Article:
I have just had a chance to read your thorough and enlightening article about Springdale Golf Club (U.S. 1, September 5). A perfect example of the kind of reporting that U.S. 1 does best.

However, to tell the history of Springdale without discussing its segregated past dismisses the experience of many African-Americans in our community. The term white-washing comes to mind. How long was it before a black person could play golf at Springdale? How did that policy change? Those questions embrace the total history of the club in Princeton, not just the “nice bits.”

— Marcia Wood, Princeton

Editor’s note: Our reader has a good memory. A 1975 New York Times article reported that “The New Jersey Division on Civil Rights has announced it will bring charges next week against Springdale Golf Club that it discriminated last May on the basis of race and color when it denied membership to the Princeton High School basketball coach, Marvin Trotman.

“Mr. Trotman, the first black man to apply for membership at Springdale, was allegedly rejected for unsportsmanlike conduct as a coach.”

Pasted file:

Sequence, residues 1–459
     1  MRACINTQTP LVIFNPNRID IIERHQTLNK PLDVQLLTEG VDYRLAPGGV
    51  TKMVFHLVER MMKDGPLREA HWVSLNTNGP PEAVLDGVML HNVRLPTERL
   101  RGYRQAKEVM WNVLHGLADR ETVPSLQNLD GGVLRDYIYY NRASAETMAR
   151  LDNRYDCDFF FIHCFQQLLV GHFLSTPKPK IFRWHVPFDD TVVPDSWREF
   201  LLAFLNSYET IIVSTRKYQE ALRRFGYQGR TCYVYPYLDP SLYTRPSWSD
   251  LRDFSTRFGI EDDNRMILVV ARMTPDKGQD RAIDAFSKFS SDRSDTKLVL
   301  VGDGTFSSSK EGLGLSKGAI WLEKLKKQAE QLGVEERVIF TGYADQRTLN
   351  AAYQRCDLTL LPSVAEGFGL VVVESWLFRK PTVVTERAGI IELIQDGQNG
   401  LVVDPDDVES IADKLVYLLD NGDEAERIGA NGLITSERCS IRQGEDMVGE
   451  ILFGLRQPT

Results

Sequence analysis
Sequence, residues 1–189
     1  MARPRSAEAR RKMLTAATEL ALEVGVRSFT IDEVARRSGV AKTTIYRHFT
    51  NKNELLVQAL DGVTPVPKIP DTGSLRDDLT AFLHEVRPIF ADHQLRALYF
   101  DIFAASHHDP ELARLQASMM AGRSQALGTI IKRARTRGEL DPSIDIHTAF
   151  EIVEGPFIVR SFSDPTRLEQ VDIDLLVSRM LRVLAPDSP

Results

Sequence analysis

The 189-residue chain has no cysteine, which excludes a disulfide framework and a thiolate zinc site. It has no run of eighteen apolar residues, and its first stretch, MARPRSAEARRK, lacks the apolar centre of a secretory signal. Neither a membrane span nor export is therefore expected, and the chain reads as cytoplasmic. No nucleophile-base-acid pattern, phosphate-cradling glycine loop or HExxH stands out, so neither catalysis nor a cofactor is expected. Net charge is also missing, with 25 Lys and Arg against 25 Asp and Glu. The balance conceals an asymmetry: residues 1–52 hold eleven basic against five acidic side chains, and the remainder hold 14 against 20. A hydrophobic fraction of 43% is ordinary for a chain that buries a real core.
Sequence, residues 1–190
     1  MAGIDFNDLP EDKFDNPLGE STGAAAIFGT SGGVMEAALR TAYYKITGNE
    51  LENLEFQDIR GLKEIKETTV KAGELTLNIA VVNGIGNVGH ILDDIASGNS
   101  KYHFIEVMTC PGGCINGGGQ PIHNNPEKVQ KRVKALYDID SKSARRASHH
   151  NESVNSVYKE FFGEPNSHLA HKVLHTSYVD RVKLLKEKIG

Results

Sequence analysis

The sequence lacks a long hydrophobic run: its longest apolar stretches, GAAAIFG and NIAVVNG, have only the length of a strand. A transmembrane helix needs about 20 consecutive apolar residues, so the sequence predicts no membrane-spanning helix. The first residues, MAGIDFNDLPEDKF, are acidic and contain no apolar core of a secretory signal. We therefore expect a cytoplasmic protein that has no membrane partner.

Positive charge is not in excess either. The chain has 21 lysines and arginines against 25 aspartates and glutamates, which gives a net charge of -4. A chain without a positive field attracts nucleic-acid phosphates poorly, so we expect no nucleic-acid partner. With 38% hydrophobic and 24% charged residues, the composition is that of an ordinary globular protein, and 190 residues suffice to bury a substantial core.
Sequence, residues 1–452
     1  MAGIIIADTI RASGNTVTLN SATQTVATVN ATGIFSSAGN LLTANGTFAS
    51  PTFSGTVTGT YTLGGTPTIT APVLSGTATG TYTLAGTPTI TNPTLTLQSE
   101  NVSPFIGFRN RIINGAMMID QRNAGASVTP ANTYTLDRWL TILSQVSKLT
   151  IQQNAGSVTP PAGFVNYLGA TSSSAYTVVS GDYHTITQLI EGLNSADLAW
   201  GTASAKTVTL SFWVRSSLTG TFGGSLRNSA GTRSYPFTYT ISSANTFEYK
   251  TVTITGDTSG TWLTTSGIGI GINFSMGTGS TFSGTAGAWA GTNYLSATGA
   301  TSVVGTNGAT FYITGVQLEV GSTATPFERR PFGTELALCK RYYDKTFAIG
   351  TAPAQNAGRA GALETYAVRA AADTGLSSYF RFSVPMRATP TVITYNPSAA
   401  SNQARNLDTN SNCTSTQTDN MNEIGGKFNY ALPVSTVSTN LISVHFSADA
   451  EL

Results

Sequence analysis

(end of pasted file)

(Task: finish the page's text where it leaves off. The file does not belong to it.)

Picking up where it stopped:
A year later the New York Times followed up with this report: “The Springdale Golf Club, which was charged in a discrimination suit by a black who was denied admission, has accepted its first black member. David Nesbit, a New Brunswick businessman, was admitted last month by the club, it was disclosed yesterday.

“The club had been charged with discrimination in a suit filed by Marvin Trotman, a Princeton High School coach and teacher who was denied admission. Mr. Trotman’s suit, still pending before the state Civil Rights Division, was also filed against Princeton University, the owner of the property on which the club is situated.”

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